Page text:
It would not be unfair to compare some of today’s black hats to the illusionists of yesteryear, as the Target and Neiman Marcus data breaches were tricks of almost Houdiniesque proportions – they occurred right before our eyes, while being almost unbelievable.  These massive breaches have since inspired a backlash from bankers, consumers, government officials, and the media; all of which are demanding action to prevent these types of crimes from continuing to occur.

The clamor for improved security has created a groundswell of support among stakeholders for the EMV transition in the U.S.  Based on previous experiences overseas, it is expected that EMV will eliminate counterfeit card fraud, while removing the incentive for criminals to compromise card data from POS merchants.  Yet, in our attempts to anticipate fraud after EMV is broadly adopted, we are again putting ourselves in a position to be misled. EMV is now closer than ever to being part of the everyday payments experience for U.S. consumers.   This has drawn attention and action in response, to the CNP-fraud experience in the U.K. from both the financial industry and merchants here in the U.S.  Like following the magic wand, the expectation is that criminals will shift focus from POS to CNP fraud after EMV finds its footing in the U.S. If we were to look more closely, we would notice indications from U.K. card fraud data that we are in for more surprises.  Card ID Fraud, the combination of account takeovers and fraudulent applications, more than doubled in the U.K. between 2002 and 2008 (according to the U.K. Cards Association).  If the combined total losses attributable to fraudulent new accounts and account takeovers in the U.S. grew similarly over a comparable period (2013 to 2019), fraud losses could exceed $12 billion. While attempting to make an $11 billion problem disappear (which represents the total losses attributable to fraud on existing card accounts in 2013), a larger one could seemingly materialize out of nowhere.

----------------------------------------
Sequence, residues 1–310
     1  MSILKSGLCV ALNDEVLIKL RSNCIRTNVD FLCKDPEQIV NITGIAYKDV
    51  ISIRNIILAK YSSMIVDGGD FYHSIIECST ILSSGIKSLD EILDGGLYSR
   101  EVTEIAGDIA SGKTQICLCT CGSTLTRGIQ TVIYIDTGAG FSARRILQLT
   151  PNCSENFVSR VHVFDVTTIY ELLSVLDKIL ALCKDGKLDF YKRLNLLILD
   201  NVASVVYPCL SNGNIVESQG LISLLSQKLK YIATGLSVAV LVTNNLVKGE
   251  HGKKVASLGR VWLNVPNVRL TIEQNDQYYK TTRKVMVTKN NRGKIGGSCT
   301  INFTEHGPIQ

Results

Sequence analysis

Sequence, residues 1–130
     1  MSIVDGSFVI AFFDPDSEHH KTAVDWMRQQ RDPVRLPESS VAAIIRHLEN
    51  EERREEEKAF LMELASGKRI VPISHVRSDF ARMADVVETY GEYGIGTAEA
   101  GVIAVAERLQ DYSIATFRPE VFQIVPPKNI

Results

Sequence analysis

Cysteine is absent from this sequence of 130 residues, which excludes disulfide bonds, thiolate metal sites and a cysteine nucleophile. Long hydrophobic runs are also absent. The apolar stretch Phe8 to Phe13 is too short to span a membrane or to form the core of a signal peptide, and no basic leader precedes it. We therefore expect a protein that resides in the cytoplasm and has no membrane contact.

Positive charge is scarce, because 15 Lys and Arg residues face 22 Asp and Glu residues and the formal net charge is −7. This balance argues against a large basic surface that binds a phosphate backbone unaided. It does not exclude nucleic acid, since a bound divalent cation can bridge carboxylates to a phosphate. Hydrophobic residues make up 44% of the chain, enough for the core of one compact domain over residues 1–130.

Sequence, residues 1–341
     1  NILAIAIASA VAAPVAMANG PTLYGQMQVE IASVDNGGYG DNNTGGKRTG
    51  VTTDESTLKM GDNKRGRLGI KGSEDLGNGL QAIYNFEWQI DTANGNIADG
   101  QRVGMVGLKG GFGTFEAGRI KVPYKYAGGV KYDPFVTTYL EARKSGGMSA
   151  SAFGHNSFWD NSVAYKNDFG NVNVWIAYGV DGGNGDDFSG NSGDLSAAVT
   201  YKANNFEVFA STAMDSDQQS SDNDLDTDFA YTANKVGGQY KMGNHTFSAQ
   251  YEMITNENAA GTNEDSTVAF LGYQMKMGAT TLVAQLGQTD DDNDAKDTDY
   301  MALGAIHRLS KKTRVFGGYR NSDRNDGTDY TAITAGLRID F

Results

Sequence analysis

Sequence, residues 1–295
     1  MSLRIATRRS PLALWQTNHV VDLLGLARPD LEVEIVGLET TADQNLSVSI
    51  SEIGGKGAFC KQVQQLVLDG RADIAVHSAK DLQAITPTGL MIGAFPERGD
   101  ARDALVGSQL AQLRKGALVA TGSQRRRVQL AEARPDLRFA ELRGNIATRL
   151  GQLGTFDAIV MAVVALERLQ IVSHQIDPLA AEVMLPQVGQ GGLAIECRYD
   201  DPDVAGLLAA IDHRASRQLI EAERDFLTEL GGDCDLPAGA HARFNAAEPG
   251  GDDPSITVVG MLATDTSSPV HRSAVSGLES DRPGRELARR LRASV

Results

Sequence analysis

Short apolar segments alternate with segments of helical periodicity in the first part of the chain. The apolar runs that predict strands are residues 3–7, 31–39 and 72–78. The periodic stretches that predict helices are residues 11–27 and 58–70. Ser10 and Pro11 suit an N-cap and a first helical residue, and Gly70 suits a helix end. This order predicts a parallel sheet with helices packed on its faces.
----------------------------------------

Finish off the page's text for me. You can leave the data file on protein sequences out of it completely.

Everyone remain in your seats and stay focused.  Despite there being only so much budget-money to go around for fraud prevention, FIs and credit-card issuers need to remain vigilant in protecting card accounts from takeover and in preventing fraudulent new accounts from being opened. For recommendations (#Javelinmagic) on how to protect your customers and your institution, see the 2013 Banking Identity Safety Scorecard, the 9th Annual Credit Card Issuer's Identity Safety Scorecard, and How to Upgrade Online and Mobile Account Opening for an Omnichannel Era: 2013. Post-EMV fraud trends are like a puff of smoke that makes you look to the left as the magician takes the watch from your right wrist.  This is not to say we shouldn't prepare for CNP fraud, but let's not get so distracted that we are robbed right before our eyes.


About Al Pascual

An accomplished industry analyst, market researcher, and financial industry practitioner, Al Pascual is Javelin’s Senior VP of Research and Head of Fraud & Security. As SVP of Research, he oversees the firm’s operations and ensures that Javelin’s research content provides the innovative perspectives that clients expect from the firm.

As Head of Fraud & Security, Al provides clients actionable insights on a variety of fraud and security issues, acts as a partner in developing strategies for managing risk, and identifies and raises awareness of future threats and solutions. Al researches a range of topics, including the applicability of biometrics in banking and payments, the effect of data breaches on the integrity of consumer identities, the relationship between identity fraud and loyalty, and the best methods for securing data and transactions.

Al has presented findings from Javelin’s rigorous, industry-leading research at conferences around the world, including BAI, CARTES, Money20/20, NACHA, and RSA. Al has provided commentary on fraud and security issues to media outlets such as American Banker, Bloomberg, CNNMoney, Fox Business, Reuters, The New York Times, The Wall Street Journal, The Washington Post, and Wired.

Previously Al held risk management roles at HSBC, Goldman Sachs, and FIS. He is a member of the Association of Certified Fraud Examiners, the International Association of Financial Crimes Investigators, and the Federal Reserve Secure Payments Task Force. He earned a Bachelor of Arts degree in History from the University of South Florida.

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